The policy backdrop to the government cuts in public services can be located within Cameron’s ‘big society’ rhetoric, which has led to a new era for youth work which is based on a positive youth development (a form of rekindled adolescence theory) and ‘youth at-risk’ focused solutions. [6] The government’s dominant ideology is now a widely, and unquestioningly, taken-for-granted assumption about public services which suggest that ‘the state needs to be removed from public service provision as comprehensively and as quickly as possible’. [7]

The 3 things we need to worry about ….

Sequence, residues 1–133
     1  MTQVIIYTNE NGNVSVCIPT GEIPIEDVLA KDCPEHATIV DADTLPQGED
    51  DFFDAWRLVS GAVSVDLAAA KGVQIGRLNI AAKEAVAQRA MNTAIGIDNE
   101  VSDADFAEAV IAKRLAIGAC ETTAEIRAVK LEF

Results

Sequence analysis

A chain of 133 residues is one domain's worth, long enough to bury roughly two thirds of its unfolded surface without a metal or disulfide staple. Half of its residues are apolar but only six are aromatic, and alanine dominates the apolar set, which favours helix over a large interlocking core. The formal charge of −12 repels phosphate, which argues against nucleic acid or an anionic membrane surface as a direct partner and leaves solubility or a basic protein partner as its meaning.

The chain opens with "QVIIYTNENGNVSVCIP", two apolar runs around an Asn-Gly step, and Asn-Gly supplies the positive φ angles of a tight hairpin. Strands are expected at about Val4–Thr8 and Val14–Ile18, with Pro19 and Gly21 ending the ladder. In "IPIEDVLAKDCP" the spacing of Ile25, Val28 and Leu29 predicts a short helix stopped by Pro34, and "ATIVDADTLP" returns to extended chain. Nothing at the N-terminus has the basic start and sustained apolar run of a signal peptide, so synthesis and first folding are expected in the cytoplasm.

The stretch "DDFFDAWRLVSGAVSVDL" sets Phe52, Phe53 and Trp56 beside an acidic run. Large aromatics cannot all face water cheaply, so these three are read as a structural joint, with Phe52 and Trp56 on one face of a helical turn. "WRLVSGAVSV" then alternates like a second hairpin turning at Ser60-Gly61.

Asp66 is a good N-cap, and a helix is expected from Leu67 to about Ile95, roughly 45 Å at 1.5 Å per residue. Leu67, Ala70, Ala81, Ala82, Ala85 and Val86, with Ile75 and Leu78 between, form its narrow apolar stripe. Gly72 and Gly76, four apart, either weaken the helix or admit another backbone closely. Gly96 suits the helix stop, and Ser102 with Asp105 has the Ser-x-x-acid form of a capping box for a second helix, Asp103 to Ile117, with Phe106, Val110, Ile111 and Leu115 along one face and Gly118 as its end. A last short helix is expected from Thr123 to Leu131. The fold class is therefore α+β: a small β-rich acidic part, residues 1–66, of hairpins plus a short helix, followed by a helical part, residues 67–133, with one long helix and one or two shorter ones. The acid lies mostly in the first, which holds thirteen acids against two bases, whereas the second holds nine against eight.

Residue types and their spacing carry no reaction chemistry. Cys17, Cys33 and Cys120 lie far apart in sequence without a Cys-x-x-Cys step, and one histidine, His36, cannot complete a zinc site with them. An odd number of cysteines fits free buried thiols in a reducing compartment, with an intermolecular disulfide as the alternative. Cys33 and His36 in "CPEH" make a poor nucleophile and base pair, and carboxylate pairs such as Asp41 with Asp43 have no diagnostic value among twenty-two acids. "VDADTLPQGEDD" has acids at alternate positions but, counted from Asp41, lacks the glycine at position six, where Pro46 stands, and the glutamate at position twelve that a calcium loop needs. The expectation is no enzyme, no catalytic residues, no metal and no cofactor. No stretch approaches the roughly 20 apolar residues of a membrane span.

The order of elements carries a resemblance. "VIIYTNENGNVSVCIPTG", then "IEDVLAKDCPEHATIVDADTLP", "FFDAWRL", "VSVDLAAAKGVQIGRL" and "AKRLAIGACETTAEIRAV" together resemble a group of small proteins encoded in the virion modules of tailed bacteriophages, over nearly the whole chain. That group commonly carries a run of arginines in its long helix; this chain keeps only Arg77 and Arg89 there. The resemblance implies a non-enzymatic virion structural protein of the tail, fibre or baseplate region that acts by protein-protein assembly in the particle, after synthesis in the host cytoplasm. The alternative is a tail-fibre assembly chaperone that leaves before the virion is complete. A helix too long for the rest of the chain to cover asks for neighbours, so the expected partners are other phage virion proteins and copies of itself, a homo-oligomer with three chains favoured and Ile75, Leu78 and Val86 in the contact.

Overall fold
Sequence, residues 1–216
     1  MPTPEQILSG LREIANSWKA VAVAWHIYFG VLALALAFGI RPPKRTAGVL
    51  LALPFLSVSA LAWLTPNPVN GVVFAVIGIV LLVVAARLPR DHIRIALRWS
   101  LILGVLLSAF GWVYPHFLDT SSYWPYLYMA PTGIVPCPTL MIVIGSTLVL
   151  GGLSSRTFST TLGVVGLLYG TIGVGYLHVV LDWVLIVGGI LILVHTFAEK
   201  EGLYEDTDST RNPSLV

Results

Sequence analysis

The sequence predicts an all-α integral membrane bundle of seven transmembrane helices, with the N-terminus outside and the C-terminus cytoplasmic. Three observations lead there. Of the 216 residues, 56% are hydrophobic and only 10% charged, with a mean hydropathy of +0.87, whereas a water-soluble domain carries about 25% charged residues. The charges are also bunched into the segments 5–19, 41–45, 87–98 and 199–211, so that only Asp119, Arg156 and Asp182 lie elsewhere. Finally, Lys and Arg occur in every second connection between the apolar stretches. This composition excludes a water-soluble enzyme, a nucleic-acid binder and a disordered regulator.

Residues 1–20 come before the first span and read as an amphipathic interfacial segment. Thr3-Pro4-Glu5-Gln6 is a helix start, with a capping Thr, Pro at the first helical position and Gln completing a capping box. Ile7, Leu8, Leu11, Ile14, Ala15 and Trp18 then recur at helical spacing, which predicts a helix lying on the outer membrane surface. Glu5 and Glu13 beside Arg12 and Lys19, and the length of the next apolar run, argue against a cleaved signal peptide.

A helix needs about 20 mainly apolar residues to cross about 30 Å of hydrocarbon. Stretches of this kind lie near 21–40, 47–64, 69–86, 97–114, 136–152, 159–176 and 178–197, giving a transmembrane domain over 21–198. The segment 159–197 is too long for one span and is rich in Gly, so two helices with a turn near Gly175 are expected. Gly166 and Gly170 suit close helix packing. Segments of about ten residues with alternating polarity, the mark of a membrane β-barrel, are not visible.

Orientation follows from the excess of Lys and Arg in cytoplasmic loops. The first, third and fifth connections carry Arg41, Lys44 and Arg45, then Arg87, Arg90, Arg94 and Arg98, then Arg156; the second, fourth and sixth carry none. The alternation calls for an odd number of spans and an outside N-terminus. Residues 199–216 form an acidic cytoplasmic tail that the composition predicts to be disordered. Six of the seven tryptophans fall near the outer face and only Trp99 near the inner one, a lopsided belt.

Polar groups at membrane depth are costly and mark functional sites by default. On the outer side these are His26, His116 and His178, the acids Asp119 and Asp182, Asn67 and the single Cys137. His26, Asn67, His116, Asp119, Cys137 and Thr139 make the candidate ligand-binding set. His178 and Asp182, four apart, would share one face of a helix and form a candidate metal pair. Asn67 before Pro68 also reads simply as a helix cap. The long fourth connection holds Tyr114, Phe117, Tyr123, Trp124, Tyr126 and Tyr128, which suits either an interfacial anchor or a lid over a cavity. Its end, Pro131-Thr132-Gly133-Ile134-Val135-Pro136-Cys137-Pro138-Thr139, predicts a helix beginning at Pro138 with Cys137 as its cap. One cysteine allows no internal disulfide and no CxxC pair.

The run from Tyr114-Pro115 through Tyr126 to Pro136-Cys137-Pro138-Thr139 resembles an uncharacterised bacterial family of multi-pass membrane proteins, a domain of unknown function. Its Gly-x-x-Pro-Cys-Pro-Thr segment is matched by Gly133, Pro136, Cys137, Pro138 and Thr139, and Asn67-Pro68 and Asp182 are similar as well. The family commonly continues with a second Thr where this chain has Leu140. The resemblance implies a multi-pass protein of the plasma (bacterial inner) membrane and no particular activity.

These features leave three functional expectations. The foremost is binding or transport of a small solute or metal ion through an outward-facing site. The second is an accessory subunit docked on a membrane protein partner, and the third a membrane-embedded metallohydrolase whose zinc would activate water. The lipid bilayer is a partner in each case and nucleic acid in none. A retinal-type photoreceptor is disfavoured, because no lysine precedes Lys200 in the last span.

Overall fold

1.The NCS is designed as a model for neo-liberal approaches to youth provision to take hold in our communities. The NCS places a strong emphasis on an ‘invest-to-save’ approach to youth spending, i.e. we can only invest if we get a return on the spending. This means that the economic benefits become more important than young people social rights or entitlement to unncs logoiversal services. It is argued that the economic benefit accruing from youth social action, such as the NCS will outstrip the costs of such programme – therefore justifying social investment on the grounds of financial terms – recent US research on the economic value of the AmeriCorps (the NCS was modelled on this programme) and state that in the long term the US tax payer ‘recoups $2.5 billion in lower social welfare spending and higher productivity’, [8] a net saving of $2 for every $1 spent.  So what I am suggesting here is that we are in danger of conceding the argument on young people’s rights and entitlement to social provision by adopting market logics and rationalisation to service delivery.  Interestingly, the NCS evaluation uses similar cost-benefit assumptions to argue that the economic benefit was clear, for whilst the expenditure on the 2012 Summer NCS programme amounted to £36.8 million, they estimate there would be a long term net contribution to government of £22.7 – £42.2 million, suggesting a return on investment of between £1.50 and £2.80 for every £1 spent.[9] However, such financial projections are dubious, even NatCen state that such calculation and long term economic benefits are unfounded precisely because they seek to predict future behaviour in terms of careers and educational outcomes, and conclude that ‘these estimates are subject to high levels of uncertainty’[10], adding that the academic and economic models used in the calculations do not match perfectly with the NCS evaluation data.